NEWS
By Mary Gail Hare and Mary Gail Hare,Sun Reporter | December 3, 2006
Georges Selzer easily made his way through a crush of students eagerly departing John Carroll School in Bel Air for the day. Using a walker, he traveled quickly through the hallways, until he stood at a podium before a classroom of listeners. He held a stack of note cards. "I call them cheating cards," he said. "I'm 95, remember." A Holocaust survivor, Selzer had come to tell the students how many times he had cheated death. Since this was at least his 15th visit to the private Catholic school, many had heard his story.
TOPIC
By Michael D. Hausfeld | April 1, 2001
IBM IS A company that prides itself on solutions. Recently disclosed materials, however, reveal a chilling portrait of the company's complicity in the evil of the Nazis' search for the "Final Solution." Soon after the Nazis came to power in 1933, they established the first concentration camp, the Dachau camp near Munich, Germany. From 1933 to 1944, IBM Hollerith machines were installed at the main concentration camps of Mauthausen, Ravensbrock, Flossenberg and Buchenwald, and were probably present at Auschwitz.
NEWS
December 14, 1998
William D. Denson, 85, who was chief prosecutor for the United States in Nazi war crimes trials in Dachau, Germany, died in his sleep yesterday at home in Lawrence, N.Y. He was chief prosecutor for atrocities committed in four concentration camps -- Dachau, Mauthausen, Flossenberg and Buchenwald.Pub Date: 12/14/98
NEWS
August 10, 1992
First the United Nations needs to get the people of Bosnia-Herzegovina fed and the concentration camps inspected by the International Red Cross and then emptied, or at the very least maintained with decent standards of nutrition and sanitation and without brutality.If it takes military action to suppress anti-aircraft and artillery fire to get the emergency airlift planes to Sarajevo with food and medicine, then let there be military action. The United States is calling for an emergency meeting of the U.N. Commission on Human Rights, and maybe that can lead to some good.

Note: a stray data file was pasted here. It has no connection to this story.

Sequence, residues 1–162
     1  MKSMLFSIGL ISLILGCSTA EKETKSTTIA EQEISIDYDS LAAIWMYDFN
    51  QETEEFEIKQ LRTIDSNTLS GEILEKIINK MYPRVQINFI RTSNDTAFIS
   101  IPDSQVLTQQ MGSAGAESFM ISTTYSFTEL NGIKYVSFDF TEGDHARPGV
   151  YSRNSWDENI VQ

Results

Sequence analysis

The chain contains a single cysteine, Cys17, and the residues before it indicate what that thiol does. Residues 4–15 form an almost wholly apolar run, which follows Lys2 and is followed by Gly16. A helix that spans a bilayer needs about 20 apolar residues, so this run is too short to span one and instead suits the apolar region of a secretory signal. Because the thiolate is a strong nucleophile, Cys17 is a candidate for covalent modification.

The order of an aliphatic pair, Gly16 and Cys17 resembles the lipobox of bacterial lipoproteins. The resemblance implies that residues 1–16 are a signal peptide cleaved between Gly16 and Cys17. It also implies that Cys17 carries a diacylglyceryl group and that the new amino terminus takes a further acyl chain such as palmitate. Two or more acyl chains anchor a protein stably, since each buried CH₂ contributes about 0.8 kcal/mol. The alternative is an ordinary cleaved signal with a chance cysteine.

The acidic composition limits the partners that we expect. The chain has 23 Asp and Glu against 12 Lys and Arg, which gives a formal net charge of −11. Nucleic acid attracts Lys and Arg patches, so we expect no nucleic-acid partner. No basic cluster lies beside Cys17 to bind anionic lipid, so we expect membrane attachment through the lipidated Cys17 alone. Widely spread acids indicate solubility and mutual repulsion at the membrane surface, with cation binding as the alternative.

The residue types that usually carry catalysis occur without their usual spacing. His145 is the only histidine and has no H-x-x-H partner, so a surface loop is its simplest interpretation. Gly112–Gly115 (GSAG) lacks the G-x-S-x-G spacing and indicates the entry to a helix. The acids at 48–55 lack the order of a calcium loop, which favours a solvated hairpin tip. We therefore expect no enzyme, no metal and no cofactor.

NEWS
By Frederick N. Rasmussen, The Baltimore Sun | October 24, 2011
Georges I. Selzer, who cheated death twice while a concentration camp prisoner and who after World War II became a Baltimore jeweler, died Oct. 17 of heart failure at the Edenwald retirement community in Towson. The former longtime Lutherville resident was 99. Mr. Selzer, who was born, raised and educated in St. Gallen, Switzerland, settled in France in 1927, when he became an apprentice jeweler. When the Nazis seized power, Mr. Selzer's father told him he was not to disguise his Jewishness.
ENTERTAINMENT
By Tim Smith, The Baltimore Sun | October 2, 2010
Six years ago, at Catholic University in Washington, there was an unusual presentation of Giuseppe Verdi's monumental Requiem for soloists, chorus and orchestra. The last notes of the score gave way to very different music, coming softly from the choristers. As they filed off the stage and left the hall, they softly intoned a chant from the Kaddish of the Jewish liturgy. When those sounds, too, faded away, there was no applause from the audience. Only some muffled sobs could be heard in the darkened room.
NEWS
By Jacques Kelly, The Baltimore Sun | June 27, 2010
Anthony Steven "Tony" Zyna, a retired National Brewing Co. mechanic and member of the merchant marine who was sent to a Soviet concentration camp during World War II, died of chronic obstructive pulmonary disease June 18 at Gilchrist Hospice Care. He was 88 and lived in Cockeysville. Born Anthony Zinowski in New Britain, Conn., and raised in New Haven, he left his home at 14 and later joined the Navy. A medical disability — a punctured eardrum — forced him to leave the service and he then joined the merchant marine during World War II. He served aboard the Liberty Ship Barbara Frietchie, as well as the Glenpool and the Paoli.